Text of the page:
Writing has always been painstaking work for me. Not only because I need to put a lot of effort into expressing something in a language that is not my mother tongue, but also because I must do thorough research so what I write will be readable and contains fact, without consisting of lots of boring and meaningless paragraphs. Moreover, as a real procrastinator, I need more time than normal people need to write even a single sentence. Another thing that jeopardizes all these situations is the undeniable fact that I like to put off some activities (almost all, actually) if I consider them to be ‘not so fun’ activities — why do it now if I can do it later? Nah…
So, because all of these problems, a long and painful meditation was required when I finally wrote about the beaches in Yogyakarta.
To be honest, I should have posted it 3 years ago. But please re-read my reasons above…
After I dug deeper into my memories, I finally figured out what kind of beaches I visited in Yogyakarta, and what their names were. As I mentioned in my previous posts, Yogyakarta is blessed with beaches, you can find more than 40 beaches around its coast. But, and there is a but… It’s totally different from Bali, Lombok, or let’s say, Hawaii. Due to locations that directly face towards the Pacific Ocean, the beaches in Yogyakarta often have really big waves, good for surfing. Again, this doesn’t mean that you can surf whenever you’d like (I believe that all surfers know this very well) because of the contour of the beaches themselves, which contains sharp rocks, or are just not suitable for surfing. What you can do at these kinds of beaches is stroll around their shores, soak your feet and take some cool pictures for Instagram.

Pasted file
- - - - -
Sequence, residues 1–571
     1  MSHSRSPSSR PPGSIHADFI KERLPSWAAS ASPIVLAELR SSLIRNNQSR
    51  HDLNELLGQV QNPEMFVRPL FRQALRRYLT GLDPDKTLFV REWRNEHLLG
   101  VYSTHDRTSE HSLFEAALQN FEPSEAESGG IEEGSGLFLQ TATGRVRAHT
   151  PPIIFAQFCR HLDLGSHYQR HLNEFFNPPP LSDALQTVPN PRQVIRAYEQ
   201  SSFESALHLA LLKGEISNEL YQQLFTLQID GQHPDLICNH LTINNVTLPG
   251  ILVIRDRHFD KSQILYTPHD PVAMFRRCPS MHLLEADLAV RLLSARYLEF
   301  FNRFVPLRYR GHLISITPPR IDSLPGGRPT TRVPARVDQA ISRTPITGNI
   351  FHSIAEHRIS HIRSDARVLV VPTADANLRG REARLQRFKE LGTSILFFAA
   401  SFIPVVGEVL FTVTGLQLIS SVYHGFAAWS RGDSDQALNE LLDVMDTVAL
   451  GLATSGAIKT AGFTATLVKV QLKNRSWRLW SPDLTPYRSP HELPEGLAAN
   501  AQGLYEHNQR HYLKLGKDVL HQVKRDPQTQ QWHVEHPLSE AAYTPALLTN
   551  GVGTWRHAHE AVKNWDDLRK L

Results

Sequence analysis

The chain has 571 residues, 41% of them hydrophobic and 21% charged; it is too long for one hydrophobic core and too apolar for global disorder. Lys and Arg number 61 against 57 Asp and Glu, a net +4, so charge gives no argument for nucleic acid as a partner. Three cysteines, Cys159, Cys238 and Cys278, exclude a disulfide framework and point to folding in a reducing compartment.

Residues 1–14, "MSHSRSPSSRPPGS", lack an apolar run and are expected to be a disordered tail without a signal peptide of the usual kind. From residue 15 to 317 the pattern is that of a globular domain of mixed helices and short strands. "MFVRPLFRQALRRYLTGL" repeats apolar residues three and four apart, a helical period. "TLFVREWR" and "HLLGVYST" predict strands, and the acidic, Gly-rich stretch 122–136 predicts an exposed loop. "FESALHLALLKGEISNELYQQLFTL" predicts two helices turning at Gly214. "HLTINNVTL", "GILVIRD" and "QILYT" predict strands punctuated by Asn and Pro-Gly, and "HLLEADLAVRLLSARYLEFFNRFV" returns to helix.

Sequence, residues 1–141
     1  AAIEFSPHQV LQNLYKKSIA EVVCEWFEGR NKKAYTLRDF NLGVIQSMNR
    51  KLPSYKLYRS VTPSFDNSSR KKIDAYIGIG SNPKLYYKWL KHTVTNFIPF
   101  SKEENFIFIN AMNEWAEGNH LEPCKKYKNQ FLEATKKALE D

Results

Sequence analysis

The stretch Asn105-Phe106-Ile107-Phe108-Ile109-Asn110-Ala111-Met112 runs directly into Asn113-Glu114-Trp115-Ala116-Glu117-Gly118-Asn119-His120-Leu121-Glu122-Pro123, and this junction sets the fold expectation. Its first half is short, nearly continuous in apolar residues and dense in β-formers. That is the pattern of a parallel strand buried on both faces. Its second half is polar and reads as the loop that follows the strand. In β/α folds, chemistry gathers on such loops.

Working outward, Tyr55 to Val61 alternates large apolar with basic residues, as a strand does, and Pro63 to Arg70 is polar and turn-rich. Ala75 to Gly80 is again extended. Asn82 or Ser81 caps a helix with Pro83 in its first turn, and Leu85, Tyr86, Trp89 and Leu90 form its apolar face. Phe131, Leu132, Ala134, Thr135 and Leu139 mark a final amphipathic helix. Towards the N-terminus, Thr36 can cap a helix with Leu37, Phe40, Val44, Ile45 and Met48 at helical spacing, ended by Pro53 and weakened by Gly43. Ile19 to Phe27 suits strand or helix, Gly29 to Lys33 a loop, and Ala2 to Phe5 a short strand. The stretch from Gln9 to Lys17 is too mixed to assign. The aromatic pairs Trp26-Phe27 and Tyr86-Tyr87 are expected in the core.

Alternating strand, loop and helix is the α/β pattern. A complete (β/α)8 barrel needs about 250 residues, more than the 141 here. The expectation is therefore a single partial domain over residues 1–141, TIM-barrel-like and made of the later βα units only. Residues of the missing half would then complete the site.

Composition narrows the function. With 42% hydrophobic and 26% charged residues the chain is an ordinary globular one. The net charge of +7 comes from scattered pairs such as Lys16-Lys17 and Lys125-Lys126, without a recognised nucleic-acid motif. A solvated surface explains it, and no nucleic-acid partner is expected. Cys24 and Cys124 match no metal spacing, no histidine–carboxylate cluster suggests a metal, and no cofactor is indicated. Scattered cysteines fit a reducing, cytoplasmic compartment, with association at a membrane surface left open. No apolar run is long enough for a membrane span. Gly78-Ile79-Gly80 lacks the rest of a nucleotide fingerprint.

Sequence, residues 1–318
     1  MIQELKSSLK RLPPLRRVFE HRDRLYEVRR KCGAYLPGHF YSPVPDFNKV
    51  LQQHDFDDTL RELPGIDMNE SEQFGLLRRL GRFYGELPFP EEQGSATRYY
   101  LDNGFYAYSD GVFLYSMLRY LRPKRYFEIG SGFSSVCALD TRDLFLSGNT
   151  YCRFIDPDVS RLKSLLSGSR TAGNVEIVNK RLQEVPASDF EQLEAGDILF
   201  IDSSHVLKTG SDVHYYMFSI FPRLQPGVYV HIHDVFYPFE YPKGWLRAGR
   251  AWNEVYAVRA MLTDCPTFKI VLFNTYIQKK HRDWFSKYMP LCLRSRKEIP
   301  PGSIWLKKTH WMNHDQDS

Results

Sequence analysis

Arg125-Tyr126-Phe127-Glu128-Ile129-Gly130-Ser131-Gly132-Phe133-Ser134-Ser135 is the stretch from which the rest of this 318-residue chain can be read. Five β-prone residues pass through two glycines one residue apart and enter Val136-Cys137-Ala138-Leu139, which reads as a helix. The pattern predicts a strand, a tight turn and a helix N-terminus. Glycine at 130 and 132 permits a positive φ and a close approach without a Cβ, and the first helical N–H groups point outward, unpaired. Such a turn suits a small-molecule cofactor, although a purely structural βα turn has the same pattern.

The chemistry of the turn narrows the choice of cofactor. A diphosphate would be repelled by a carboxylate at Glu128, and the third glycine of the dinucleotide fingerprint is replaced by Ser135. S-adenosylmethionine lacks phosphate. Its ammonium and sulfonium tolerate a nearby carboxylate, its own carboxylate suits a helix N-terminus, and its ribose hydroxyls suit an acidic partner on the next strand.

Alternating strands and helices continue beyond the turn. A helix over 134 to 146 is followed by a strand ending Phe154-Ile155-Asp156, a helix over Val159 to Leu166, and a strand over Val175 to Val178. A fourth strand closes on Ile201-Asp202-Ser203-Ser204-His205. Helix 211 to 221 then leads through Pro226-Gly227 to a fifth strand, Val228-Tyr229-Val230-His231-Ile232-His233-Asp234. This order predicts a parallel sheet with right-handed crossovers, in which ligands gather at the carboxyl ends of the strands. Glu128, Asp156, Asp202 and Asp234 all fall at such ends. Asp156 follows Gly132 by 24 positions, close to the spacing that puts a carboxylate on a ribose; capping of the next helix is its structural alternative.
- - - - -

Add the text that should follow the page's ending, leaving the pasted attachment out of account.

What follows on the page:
How about sunbathing wearing a bikini?
Errr, it’s a hard question to answer. Speaking personally, I have never seen anybody laying out sexily on their towel, getting a suntan. This kind of recreation is not as popular as in Bali, for example. An acceptable outfit for swimming is shorts and a sleeveless t-shirt, like the locals do. In case you want to see how it feels to sunbathe in bikini, just try it. But I won’t take responsibility. No, the locals won’t attack you, it’s all just about their code of ethics, as they aren’t used to seeing people in very ‘inappropriate’ outfits. From the 45-47 beaches spread around the region, I visited only three of them.
This ‘beach’ is small, with a dozens of fishing boats dominating the area. The sitting area under the umbrella is available by paying around 2 USD per hour. As you can see, there were not so many tourists here. But, still, a bikini would be an awkward outfit among the locals (meaning the fishermen).
A stone’s throw away from Baron beach, Kukup is definitely not appropriate for swimming. Not only does it have big waves, but the contour of the beach itself is rocky. It would hurt if you get thrown, hit by the waves into the stones. Eww…
Sundak beach is almost similar with the first beach we visited — a base for the fishermen. That means you can’t just lay around spreading your beach towel on the sand without facing a bit of difficulty when choosing a right place. Despite of its function, the beach is considerably clean. Playing on the water and doing a short swim not so far from the shore is allowed as long as you mind your safety.
The myth in Parangtritis
Indonesians believe in superstition, so do I as I am a real Indonesian. According to our belief (myth, taboo), going to Parangtritis beach wearing green clothes is a big no-no. It is said that the Queen of the sea, named Nyi Roro Kidul, will drag you away, recruiting you as one of her workers. Of course, you can believe it or you don’t, but that’s one of the reason why some Indonesians ignore this color when they visit some beaches along the south coast.
Other beaches which you can visit
- Pok Tunggal
And so on…. Have a great time and don’t forget to smear your sunblock!